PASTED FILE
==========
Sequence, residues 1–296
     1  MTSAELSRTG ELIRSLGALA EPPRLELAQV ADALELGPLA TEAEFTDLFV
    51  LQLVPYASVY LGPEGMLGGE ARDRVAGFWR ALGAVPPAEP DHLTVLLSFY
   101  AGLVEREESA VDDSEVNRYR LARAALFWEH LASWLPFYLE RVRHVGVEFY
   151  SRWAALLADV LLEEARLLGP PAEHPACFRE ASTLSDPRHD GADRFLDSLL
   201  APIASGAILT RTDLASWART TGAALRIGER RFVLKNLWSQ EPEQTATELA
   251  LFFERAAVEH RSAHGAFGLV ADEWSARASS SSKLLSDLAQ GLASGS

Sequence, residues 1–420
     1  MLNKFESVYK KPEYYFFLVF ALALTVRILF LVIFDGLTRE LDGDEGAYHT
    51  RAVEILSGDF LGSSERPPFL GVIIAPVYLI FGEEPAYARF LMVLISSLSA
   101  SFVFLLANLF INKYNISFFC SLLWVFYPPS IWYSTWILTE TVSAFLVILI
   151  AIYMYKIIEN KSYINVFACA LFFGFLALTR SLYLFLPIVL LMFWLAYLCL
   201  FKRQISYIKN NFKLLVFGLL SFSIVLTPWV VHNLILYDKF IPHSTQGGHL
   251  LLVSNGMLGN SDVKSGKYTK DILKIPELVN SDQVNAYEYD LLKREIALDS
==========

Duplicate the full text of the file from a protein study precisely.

Sequence, residues 1–296
     1  MTSAELSRTG ELIRSLGALA EPPRLELAQV ADALELGPLA TEAEFTDLFV
    51  LQLVPYASVY LGPEGMLGGE ARDRVAGFWR ALGAVPPAEP DHLTVLLSFY
   101  AGLVEREESA VDDSEVNRYR LARAALFWEH LASWLPFYLE RVRHVGVEFY
   151  SRWAALLADV LLEEARLLGP PAEHPACFRE ASTLSDPRHD GADRFLDSLL
   201  APIASGAILT RTDLASWART TGAALRIGER RFVLKNLWSQ EPEQTATELA
   251  LFFERAAVEH RSAHGAFGLV ADEWSARASS SSKLLSDLAQ GLASGS

Sequence, residues 1–420
     1  MLNKFESVYK KPEYYFFLVF ALALTVRILF LVIFDGLTRE LDGDEGAYHT
    51  RAVEILSGDF LGSSERPPFL GVIIAPVYLI FGEEPAYARF LMVLISSLSA
   101  SFVFLLANLF INKYNISFFC SLLWVFYPPS IWYSTWILTE TVSAFLVILI
   151  AIYMYKIIEN KSYINVFACA LFFGFLALTR SLYLFLPIVL LMFWLAYLCL
   201  FKRQISYIKN NFKLLVFGLL SFSIVLTPWV VHNLILYDKF IPHSTQGGHL
   251  LLVSNGMLGN SDVKSGKYTK DILKIPELVN SDQVNAYEYD LLKREIALDS